By Dr. Carly Snyder

Recently celebrity model Chrissy Teigen revealed her lingering struggle with postpartum depression after the birth of her daughter Luna. She is not alone. Did you know that postpartum depression, anxiety and psychosis affect one in four women? However, what is most amazing is the stigma around mental illness, and cultural myths of effortless motherhood keep so many sufferers from coming forward.

We recently met with Dr. Carly Snyder, a reproductive and perinatal psychiatrist who works with women struggling with emotional symptoms throughout their reproductive years. “Women often come to see me at pivotal points in their lives to address anxiety or depression. Some women are struggling with their mood and need to address things in advance of pregnancy, sometimes while undergoing fertility treatments, whereas other women are already pregnant or postpartum. We work together to minimize mood symptoms while simultaneously reducing risk to a future baby and mom. Other women are currently stable and feeling good, but have a history of a psychiatric illness like depression, anxiety or bipolar disorder and hope to conceive shortly,” she said.

Synder also explained there are still others on medications. We discuss the options, risks, and benefits of various forms of treatment, and together map out ways to maximize their health and wellness in advance of, during, and after pregnancy.

What is your approach to treating mental health and all aspects of a women’s life when creating a treatment plan?

I believe in a holistic approach to mental health. I always strongly encourage lifestyle modifications, such as dietary changes, exercise, and improving sleep hygiene—I am always asked if there is any one thing that can make or break a woman’s mood and the answer is sleep! There is no treatment effective enough to overcome the adverse effects of sleep deprivation, and nothing is as restorative and mood enhancing as a good night’s sleep and being consistently well-rested.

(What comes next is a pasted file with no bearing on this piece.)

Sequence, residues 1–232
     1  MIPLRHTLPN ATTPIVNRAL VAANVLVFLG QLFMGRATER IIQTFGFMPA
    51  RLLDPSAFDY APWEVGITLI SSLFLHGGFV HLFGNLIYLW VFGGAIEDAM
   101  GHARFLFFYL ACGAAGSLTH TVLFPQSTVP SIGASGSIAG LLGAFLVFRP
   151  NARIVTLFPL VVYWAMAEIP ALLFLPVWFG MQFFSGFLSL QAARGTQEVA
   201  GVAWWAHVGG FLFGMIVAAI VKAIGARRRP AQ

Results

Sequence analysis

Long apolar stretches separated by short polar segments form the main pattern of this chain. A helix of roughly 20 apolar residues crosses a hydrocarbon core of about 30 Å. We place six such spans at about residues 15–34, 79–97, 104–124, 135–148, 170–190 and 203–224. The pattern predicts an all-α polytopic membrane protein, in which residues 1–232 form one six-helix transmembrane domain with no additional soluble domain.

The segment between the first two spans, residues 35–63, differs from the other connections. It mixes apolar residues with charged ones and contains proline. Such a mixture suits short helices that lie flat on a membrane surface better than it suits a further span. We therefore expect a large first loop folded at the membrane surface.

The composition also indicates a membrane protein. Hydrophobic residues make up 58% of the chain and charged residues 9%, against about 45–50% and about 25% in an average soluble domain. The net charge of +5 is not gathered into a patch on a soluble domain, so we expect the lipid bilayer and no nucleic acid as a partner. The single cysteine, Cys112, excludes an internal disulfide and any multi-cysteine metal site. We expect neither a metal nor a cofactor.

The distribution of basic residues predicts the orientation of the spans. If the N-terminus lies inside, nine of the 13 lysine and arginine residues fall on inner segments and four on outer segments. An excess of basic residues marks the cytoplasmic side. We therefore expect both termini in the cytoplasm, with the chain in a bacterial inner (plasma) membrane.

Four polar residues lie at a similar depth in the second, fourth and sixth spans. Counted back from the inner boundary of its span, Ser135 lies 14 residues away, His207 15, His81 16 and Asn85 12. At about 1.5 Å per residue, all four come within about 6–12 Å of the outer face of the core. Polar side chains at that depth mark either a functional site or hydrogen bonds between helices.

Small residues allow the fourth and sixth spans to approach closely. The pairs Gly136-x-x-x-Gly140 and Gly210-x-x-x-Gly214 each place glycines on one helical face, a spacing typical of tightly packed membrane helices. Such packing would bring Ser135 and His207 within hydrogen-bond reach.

• Dietary changes are also important to minimize inflammation, a cause of or an exacerbating factor increasing anxiety for some women. Additionally, I hunt for potential biologic causes for a woman’s mood symptoms, such as low vitamin D and B-12 or hypothyroidism. By checking labs and examining for abnormalities, we can determine ways to improve a woman’s overall health and as a result also improve her mood and energy.

• Psychotherapy is also incredibly helpful for women struggling with mood symptoms, so I will often either see a woman in therapy myself or refer her to a respected colleague if she is not already in treatment.

What can be done for more severe depression?

I believe in the benefit of medication for women struggling with more moderate to severe illness. Choosing the right medication to minimize symptoms requires me to work in close collaboration with the woman and understand her history, her symptoms and to know the most modern literature and research.

I provide women with options and information and allow them to decide how to approach treatment—my role is not to decide for them, but to give them the tools to make a well-informed, educated decision. Every woman deserves to feel emotionally stable and healthy in advance of, during and after pregnancy. My goal is to empower my patients with knowledge and tools to feel their best in short and the long run.

Why is depression considered a women’s health issue?

One in four women will experience depression in their lifetime. Pregnancy is not protective against depression or anxiety, and sadly 12-to-20 percent of pregnant women experience clinical mood symptoms during their pregnancies. Untreated depression and anxiety during pregnancy are potentially dangerous for mom and her baby as they are associated with poor self-care, decreased attendance at routine prenatal care and increased drug and alcohol use. It results in preterm labor and delivery, increased risk of gestational diabetes and pre-eclampsia, traumatic delivery and C-sections, poor fetal weight gain... the list goes on.